Energy and environmental policies continue to make headlines in 2022, emphasizing our rapidly changing renewable energy productions and the anticipated impacts of the Infrastructure Investment and Jobs Act, bipartisan legislation passed by the Biden administration in 2021. Now, economic examinations of wind farms, greenhouse gas emissions analyses, and overall energy-related policy estimations are vital studies needed to determine the future of our economic vitality.
The global push for cleaner energy and improved air quality comes with new initiatives and the rearrangement of assets and funding. It also implies that the former and current energy sources are either about to enter or are in the midst of a flux period dictated by impending legislation and technology. For instance, by adopting the Global Warming Solutions Act in 2008, Connecticut set a goal of reducing greenhouse gas (GHG) emissions by 80 percent below 2001 levels by 2050. Implemented strategies included building envelope improvements, creating energy management systems improvements including high-efficiency thermal systems, and decarbonizing the electric grid with zero-carbon resources such as solar photovoltaics (PV), wind, hydro, biomass, and nuclear generation. Stanley McMillen, Ph.D., Visiting Assistant Professor of Economics and Consultant at the University of Connecticut, analyzed the effects of these strategies on the transportation, buildings, and electricity sectors in Connecticut. Dr. McMillen will be presenting this study via REMI webinar on Tuesday, February 1, from 2:00 – 3:00 pm (ET). If you would like to attend, please register by clicking here. To view Dr. McMillen’s full slide summary, please click here.
These growing national energy and environmental issues have solidified the importance of factoring in their policy impacts when considering the overall vitality of our economy for years to come. Thomas D. Peterson, President & CEO of the Center for Climate Strategies (CCS), conducted an analysis that underscores the strategic benefits of comprehensive approaches to managing greenhouse gas emissions. Mr. Peterson explores the economic effects of reducing household energy prices and greenhouses gases as referenced in the CCS study, “Economic Impacts of Comprehensive Climate and Energy Policy: National Climate Change Stakeholder Recommendations and U.S. Senate Proposals Would Advance Economy and Employment.” The study also explored the need for a national framework to support a balanced portfolio of actions and the importance of stakeholder involvement in policy development and management of the economy. You can access the complete study by clicking here. If you are interested in hearing Mr. Peterson discuss this study in detail, please register for our upcoming guest webinar by clicking here.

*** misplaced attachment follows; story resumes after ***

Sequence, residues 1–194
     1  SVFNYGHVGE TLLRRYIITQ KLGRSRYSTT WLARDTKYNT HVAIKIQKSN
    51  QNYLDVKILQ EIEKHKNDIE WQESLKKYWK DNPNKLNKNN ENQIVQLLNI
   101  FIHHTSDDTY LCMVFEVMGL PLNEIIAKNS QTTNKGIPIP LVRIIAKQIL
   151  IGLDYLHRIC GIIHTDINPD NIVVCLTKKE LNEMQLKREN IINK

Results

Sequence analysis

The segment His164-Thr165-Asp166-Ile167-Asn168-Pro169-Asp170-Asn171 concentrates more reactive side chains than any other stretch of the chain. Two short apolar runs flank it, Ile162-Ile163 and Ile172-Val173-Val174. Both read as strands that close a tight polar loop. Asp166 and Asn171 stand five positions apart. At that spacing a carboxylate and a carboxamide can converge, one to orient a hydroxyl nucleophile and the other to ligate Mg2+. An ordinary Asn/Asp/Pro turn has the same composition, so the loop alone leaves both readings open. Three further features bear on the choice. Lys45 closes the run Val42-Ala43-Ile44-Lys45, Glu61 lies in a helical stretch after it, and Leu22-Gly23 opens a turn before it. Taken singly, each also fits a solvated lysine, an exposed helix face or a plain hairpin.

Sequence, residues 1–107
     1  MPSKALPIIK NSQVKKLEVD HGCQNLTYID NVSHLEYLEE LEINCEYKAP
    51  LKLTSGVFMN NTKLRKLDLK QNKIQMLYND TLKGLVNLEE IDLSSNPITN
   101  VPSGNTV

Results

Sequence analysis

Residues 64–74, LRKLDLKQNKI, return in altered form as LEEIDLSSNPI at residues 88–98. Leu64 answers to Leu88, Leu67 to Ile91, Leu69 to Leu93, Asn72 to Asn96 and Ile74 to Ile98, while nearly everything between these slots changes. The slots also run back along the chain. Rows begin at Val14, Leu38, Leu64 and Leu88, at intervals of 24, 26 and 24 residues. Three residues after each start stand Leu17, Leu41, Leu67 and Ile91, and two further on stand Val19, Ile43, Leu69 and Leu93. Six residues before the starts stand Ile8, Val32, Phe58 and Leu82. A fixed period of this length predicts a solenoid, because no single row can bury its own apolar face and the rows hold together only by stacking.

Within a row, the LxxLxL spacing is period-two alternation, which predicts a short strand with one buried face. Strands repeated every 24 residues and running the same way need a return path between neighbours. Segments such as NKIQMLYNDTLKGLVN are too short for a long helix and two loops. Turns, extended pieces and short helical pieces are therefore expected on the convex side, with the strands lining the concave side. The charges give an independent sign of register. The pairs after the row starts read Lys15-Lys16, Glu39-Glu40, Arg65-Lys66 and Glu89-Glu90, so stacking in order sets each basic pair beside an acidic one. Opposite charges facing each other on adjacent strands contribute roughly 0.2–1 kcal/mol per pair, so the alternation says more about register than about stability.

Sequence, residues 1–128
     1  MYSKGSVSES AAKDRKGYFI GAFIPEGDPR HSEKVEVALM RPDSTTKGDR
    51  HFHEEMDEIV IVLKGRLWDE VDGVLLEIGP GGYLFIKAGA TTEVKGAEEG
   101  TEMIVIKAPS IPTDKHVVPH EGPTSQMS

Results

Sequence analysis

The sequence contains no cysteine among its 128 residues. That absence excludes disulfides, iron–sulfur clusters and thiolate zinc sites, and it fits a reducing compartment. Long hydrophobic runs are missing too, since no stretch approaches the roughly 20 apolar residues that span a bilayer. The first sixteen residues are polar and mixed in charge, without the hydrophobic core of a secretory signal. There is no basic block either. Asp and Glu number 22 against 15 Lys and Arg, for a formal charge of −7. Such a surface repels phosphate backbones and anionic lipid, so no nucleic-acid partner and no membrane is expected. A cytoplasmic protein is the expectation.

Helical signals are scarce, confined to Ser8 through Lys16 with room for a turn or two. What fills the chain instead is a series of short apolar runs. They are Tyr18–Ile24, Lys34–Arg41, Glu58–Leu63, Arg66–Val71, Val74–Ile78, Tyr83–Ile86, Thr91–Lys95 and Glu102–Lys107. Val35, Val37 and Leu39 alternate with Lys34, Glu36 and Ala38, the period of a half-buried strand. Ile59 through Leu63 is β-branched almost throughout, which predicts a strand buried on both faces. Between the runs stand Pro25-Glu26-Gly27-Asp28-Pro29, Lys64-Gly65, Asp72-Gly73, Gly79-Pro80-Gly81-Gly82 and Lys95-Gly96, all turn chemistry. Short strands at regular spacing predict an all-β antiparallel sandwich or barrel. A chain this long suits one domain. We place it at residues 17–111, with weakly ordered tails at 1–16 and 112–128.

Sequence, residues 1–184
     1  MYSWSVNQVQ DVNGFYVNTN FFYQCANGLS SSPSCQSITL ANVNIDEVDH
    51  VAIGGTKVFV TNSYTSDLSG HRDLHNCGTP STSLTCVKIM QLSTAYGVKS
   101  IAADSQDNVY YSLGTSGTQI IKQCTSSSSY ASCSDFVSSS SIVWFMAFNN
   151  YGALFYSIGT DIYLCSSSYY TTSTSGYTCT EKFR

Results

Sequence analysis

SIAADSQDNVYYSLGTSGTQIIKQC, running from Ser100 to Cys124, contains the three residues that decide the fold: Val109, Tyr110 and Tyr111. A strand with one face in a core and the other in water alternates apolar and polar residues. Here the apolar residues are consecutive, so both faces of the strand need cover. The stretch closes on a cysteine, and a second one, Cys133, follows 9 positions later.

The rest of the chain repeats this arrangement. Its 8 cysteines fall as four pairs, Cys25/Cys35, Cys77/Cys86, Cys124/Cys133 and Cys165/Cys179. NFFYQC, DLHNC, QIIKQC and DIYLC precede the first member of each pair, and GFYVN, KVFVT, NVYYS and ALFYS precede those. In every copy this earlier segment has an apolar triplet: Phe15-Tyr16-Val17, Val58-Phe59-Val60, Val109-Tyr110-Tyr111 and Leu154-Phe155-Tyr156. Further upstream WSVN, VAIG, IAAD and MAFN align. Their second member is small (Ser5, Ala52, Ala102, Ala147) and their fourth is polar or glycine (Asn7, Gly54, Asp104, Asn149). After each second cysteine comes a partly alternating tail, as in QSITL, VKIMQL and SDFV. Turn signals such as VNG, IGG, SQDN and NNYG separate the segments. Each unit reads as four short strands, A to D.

The utility industry’s transformation has also presented significant implications for regional development. Policy leaders are attempting to fully understand how communities will be affected as innovation and evolution occur in energy markets, given the potential for nationwide impacts. Patrick Kelly, Director of Economic Development at FirstEnergy, and Jim Robey, Ph.D., Principal at Robey Analytics, LLC., are seeking to explain how economic impact analysis models equip the utility industry. FirstEnergy’s strategic initiatives to build resilient utility systems, creating 21st-century jobs, and develop clean energy sources, and Robey Analytics’ compilation of studies emphasizing how larger utility companies are approaching analytics using impact models are the focus of an upcoming discussion on Wednesday, February 16. This discussion will answer questions such as “How can economic modeling and similar produced analyses support and inform this rapidly changing industry?” For more information on speakers and registration, please visit our website here.
Changes in energy, the environment, and our knowledge of these topics are rapidly impacting the landscape of our planet and our ability to build resilient industries. As entire states try to gain control of their environmental footprint, a shift in industries occurs. It is now vital that we stay ahead of the curve with effective policies and practices informed by economic modeling.